Intellectually we know that perfection is impossible. Yet, we judge and punish our glitches with impunity, still expecting personal perfection. Drowning in shame, we grapple with the incomprehensible things that we do—perhaps a relic from strict childhoods, desperately wanting to please but always falling short. We can’t simply erase the disturbing demons of childhood—emotional reactions stubbornly resist. We can, however, learn to better cope with the childhood hitch hikers, embrace our beingness, and with hope and compassion progress and refine.
Recognizing Our Harsh Self Judgement
By recognizing emotional relics, we can challenge the harsh judgments, soothing the discomfort from the yoke of weighty expectations of personal perfection, and embrace the shameful self. We can soften judgments with purposeful reminders of our natural fallibility and human imperfectness. By redirecting thoughts, we don’t extinguish embedded emotions connected to expecting personal perfection. Strong emotions bubbling to the surface from childhood programming continue, but we can lesson their impact with mindfulness and adapting healthy practices that soothe the emotions.
“We can soften judgments with purposeful reminders of the natural fallibility and imperfectness of human existence.”
Harsh Self-Judgement Doesn’t Motivate Action
The problem with expecting personal perfection is the harshness that we use to judge ourselves. The constant berating of ourself diminishes internal resources rather than recruit effective action. The bombardment of critical judgment, projected on to the nature of our character, quickly undermines action, depressing our souls, and encouraging pulling back instead of reaching further. We must be kinder to the ordinary flaws of living without giving license to ethical shortcuts. We don’t excuse cheating on taxes, but also don’t condemn for a day of laziness.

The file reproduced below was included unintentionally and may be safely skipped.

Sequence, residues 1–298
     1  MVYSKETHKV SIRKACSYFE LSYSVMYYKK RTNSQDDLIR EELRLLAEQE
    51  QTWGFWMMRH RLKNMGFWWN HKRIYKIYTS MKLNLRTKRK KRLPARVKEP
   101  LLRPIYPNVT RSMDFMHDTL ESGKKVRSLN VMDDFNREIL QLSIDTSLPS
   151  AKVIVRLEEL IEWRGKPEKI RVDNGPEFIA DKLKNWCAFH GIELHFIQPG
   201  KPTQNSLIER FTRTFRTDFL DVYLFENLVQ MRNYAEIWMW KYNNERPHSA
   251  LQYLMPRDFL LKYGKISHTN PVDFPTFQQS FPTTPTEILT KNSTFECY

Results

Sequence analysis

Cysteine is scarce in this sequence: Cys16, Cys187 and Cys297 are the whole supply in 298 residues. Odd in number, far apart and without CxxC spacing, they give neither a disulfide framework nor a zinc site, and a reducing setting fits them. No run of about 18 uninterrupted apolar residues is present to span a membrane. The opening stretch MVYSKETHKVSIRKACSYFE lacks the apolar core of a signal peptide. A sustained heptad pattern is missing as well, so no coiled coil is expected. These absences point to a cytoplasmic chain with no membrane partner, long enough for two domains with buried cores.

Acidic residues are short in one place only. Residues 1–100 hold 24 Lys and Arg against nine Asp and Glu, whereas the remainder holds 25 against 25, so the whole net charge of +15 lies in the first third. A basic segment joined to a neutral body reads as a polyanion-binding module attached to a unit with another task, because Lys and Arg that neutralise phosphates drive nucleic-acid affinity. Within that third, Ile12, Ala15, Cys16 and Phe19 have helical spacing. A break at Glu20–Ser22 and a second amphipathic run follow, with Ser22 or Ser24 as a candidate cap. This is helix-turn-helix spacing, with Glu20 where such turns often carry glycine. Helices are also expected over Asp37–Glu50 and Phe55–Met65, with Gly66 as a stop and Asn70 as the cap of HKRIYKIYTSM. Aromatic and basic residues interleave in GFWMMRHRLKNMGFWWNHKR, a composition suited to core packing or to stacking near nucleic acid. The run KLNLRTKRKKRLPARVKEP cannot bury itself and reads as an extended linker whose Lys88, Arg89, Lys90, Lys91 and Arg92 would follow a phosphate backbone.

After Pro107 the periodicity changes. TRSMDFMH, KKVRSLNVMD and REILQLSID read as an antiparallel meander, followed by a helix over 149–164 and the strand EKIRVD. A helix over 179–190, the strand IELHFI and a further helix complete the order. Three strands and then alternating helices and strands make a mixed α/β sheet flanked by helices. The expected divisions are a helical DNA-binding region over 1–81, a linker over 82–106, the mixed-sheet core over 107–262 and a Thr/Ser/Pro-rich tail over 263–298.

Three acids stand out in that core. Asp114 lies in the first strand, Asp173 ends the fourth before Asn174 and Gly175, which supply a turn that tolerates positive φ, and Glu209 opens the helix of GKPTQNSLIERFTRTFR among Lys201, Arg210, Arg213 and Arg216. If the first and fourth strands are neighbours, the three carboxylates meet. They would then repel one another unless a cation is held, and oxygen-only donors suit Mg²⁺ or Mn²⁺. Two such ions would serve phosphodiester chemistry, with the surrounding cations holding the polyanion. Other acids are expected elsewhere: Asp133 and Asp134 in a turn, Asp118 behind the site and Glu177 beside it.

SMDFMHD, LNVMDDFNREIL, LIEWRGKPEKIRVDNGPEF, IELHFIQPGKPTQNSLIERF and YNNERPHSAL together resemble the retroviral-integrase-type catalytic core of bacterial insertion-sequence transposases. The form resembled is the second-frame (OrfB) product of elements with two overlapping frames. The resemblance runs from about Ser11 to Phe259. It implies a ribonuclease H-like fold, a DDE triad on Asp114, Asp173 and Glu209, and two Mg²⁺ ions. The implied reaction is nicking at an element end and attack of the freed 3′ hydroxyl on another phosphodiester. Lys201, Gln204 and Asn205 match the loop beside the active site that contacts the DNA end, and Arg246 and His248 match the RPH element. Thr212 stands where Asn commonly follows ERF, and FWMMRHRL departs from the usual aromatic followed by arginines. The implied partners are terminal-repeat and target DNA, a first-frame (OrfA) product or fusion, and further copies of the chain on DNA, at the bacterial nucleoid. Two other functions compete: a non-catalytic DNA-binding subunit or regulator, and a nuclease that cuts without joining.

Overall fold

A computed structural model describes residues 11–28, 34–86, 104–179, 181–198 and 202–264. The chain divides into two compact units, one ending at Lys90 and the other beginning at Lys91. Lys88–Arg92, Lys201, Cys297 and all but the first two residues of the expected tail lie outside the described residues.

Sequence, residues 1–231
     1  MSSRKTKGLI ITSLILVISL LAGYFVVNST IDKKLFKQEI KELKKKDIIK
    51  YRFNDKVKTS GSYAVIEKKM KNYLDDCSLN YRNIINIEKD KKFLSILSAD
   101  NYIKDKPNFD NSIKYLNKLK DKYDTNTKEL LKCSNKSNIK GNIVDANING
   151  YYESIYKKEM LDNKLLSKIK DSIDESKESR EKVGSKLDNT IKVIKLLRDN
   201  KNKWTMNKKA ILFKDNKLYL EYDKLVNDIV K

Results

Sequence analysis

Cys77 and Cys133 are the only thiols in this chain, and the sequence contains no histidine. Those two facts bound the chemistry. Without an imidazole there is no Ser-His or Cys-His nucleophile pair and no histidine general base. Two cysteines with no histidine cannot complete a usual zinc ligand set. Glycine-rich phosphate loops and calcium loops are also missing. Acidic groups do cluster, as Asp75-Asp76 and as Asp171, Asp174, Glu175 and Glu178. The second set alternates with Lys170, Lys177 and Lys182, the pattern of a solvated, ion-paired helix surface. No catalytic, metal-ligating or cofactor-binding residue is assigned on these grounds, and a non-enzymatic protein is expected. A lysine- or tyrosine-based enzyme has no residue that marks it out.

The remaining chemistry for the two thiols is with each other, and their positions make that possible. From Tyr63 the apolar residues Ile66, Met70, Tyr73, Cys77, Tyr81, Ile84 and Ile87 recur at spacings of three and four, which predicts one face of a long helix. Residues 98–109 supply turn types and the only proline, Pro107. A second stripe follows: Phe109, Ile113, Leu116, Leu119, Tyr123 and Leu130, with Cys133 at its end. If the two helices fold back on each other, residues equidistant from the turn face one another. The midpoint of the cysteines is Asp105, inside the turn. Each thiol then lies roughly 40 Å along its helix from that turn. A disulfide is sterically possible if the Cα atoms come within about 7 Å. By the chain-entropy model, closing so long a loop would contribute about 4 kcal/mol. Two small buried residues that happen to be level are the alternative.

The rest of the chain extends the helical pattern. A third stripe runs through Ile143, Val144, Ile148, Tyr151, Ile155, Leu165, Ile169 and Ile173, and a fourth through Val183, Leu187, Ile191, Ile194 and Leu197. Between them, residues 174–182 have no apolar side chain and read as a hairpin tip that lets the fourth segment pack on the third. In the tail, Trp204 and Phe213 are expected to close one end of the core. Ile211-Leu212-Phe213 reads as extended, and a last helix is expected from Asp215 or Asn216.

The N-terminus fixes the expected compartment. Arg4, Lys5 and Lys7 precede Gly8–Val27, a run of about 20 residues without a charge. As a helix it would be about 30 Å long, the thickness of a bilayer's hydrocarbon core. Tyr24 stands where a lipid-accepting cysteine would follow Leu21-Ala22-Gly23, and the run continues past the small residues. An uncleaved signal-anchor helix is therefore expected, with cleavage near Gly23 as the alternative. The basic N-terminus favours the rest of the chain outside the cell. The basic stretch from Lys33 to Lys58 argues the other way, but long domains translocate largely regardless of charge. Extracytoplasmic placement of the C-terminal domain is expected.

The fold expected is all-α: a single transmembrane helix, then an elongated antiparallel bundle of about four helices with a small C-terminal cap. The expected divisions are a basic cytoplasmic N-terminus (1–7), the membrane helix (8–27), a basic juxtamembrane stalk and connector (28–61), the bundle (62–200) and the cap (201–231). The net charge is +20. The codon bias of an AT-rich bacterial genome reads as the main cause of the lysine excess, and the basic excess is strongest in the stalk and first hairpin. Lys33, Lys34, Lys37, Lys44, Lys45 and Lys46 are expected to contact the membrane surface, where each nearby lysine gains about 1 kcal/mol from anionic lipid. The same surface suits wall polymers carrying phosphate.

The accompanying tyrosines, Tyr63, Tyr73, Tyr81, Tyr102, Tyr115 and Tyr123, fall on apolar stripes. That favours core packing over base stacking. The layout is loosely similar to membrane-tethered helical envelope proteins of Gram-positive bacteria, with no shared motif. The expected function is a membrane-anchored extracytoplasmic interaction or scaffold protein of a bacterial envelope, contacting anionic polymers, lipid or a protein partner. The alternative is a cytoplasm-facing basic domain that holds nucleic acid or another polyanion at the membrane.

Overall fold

See Broaden and Build Theory for more on this topic
“There is beauty and humility in imperfection.”~Guillermo del Toro
We Are All Flawed
Our daily blunders teach humility, faithfully reminding of imperfectness—the flawed existence we all share. We learn wisdom through examining errors; not by expecting personal perfection, and despising every defect. If we demand personal perfection, expecting critical judgment to drive self improvement, we will fail. We are who we are! The more we examine, the more we discover—millions of shortcomings wait to slap us down, depress our souls and announce imperfection. We will never achieve personal perfection.
In Conclusion, punishing our personal imperfections doesn’t motivate. Conversely, we should let curiosity drive explorations of possible opportunities, letting go of self-punishments. In awe of our aliveness, we can embrace our imperfect humanity. We can acknowledge hurtful behaviors without declaring a destructive war on ourselves. Only then can we make corrections, embrace our inner child, and then kindly move forward.